I heard a great riddle over the Thanksgiving break. What’s worse than a holiday that celebrates the 1636 colonial massacre of an estimated 600-700 men, women and children of the Pequot Indian tribe (which, of course, no longer exists) while simultaneously claiming to celebrate a day of peace and gratitude?
That’s right — the day after.
Perhaps more than any other day of the year, Black Friday represents the most sickening and repulsive aspects of American culture. At least on Christmas Day, we’re giving gifts to other people and presumably spending time with family; Black Friday is a day in which we are expected to take a little time for consumerism. While it’s not technically a national holiday, it has the same effect as one, because most people have the day off from work and school as part of Thanksgiving weekend. Getting a day off isn’t a luxury Americans can afford on, say, Election Day, but it seems hardly anyone ever questions the idea of a holiday for shopping. In today’s America, it only makes sense to make our national reverence for the almighty dollar official for 24 hours, our collective knees bent in prayer, our heads raised in object adoration for the rows upon rows of shelves upon shelves of bright and glorious stuff we don’t need.
Not only do many Americans celebrate Black Friday with almost religious zealotry, some take their shopping so seriously that they begin to value material goods at discounted rates over the well-being of their fellow human beings. This past Friday, a man was stabbed over a parking space in a Wal-Mart lot. Two men were arrested in Wal-Mart for brawling over a flat-screen TV; another was pepper-sprayed by police after another television-related Wal-Mart incident. Perhaps most horrifically, an 11-year-old girl was trampled at a Wal-Mart and sent to the hospital by a surging crowd of “bargain shoppers.”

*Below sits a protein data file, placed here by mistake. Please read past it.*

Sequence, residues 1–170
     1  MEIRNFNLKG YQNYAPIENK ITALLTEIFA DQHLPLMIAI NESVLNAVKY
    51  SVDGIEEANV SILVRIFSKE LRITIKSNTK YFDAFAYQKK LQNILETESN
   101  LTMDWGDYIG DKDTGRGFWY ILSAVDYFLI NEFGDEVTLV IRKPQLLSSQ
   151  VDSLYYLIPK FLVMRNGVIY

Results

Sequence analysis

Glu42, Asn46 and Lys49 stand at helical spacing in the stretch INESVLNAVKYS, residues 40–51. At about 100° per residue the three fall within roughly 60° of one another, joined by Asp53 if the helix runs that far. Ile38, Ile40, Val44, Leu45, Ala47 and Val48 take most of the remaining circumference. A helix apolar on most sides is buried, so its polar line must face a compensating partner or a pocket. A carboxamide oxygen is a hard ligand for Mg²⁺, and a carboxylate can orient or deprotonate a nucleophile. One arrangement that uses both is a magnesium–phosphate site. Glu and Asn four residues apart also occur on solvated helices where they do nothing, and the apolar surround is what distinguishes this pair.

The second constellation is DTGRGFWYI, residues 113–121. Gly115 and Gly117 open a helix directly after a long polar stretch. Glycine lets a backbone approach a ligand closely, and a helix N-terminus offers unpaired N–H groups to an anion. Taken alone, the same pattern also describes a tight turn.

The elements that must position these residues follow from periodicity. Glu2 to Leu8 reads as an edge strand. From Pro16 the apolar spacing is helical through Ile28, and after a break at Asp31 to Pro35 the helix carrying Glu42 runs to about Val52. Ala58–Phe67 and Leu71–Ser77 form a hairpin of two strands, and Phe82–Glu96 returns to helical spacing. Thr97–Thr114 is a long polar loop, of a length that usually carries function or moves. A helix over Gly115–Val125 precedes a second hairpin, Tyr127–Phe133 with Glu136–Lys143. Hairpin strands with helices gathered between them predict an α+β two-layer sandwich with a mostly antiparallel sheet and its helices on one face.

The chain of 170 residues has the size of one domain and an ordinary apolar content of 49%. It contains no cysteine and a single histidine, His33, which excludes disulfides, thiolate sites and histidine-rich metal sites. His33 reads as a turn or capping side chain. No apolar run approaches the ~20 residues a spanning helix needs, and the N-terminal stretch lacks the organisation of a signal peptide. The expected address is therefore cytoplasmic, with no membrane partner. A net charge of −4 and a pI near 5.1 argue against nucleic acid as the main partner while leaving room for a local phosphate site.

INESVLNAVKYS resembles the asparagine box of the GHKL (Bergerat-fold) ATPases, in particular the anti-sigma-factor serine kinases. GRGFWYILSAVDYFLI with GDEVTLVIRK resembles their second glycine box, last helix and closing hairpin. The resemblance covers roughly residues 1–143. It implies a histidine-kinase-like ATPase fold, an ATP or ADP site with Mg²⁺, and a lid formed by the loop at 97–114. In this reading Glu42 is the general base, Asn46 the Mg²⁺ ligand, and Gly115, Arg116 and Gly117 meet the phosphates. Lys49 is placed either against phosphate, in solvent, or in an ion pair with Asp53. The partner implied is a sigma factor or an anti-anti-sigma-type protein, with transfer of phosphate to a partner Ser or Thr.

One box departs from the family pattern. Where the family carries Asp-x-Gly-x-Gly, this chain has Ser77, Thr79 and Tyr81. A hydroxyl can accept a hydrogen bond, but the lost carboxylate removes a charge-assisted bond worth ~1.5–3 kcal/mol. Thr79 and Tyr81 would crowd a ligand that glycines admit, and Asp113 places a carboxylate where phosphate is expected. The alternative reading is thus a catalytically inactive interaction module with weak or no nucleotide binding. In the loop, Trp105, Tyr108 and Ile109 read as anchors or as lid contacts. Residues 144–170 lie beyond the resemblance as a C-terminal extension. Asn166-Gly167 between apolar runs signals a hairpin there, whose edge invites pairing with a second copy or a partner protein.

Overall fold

That’s just this year.
Stories of Black Friday injuries and deaths have become an annual occurrence, with perhaps the most extreme example coming in 2008, when a Wal-Mart employee was run down by a mob that shattered the windows of the Long Island retail store and ripped the doors off their hinges. The 34-year-old was dragged to the ground by the frenzied mass of discount-seeking consumers, where he proceeded to die of a heart attack.
By the way, notice anything about all these stories? Wal-Mart sure seems to bring out the worst in people. Why shouldn’t it? It’s certainly one of the worst examples of corporate sociopathy the world has ever seen. The fact that Wal-Mart consistently finds itself the target of protests, particularly on Black Friday, is no accident. The world’s largest big box retailer is also one of the world’s lowest-paying employers, consistently refusing to offer its poverty-stricken labor force a livable wage. Wal-Mart management frequently resorts to strong-arm tactics to prevent its workers from striking or protesting, and it certainly doesn’t see any problems with lowering prices on Black Friday and stoking customers into a frothing, murderous furor. Which is not to say they don’t care for their employees on some level — a Wal-Mart store in Canton, Ohio recently organized a food drive for its workers with signs that read “Please Donate Food Items Here, so Associates in Need Can Enjoy Thanksgiving Dinner.” Isn’t that nice of them?
Flagstaff has its own history with the retail giant dating back to 2004, when the Wal-Mart funded group Protect Flagstaff’s Freedoms successfully reversed a city council ordinance requiring big box stores of a certain size to get certification from the council in order to operate (Oh, horrors! Special certification! Why does Flagstaff hate the free market?). Shortly before Thanksgiving this year, the Flagstaff Chamber of Commerce publicly thanked Wal-Mart for its 25 years of chamber membership. This act alone drew a crowd of Black Friday protesters in solidarity with mistreated Wal-Mart workers and deteriorating small businesses in Flagstaff alike. If Black Friday is the worst element of American culture, Wal-Mart is the worst element of Black Friday.
Still, it’s not all Wal-Mart’s fault. All they’re really doing is taking advantage of a system that rewards them for heartless profiteering and a society so desperately unhappy in its materialism that it will flock to the altar, year after year, begging for the latest plastic products. Maybe the Wal-Mart issue is actually deeper than the retailer itself. Maybe it has its roots in the fact that we as a people consciously go out and prostrate ourselves before the gods of capital every year on the day after Thanksgiving. That would mean Wal-Mart isn’t really the problem. The problem is us.
Originally published in The Lumberjack (http://jackcentral.com/opinion/2013/12/opinion-the-ridiculousness-of-black-friday-and-wal-mart/)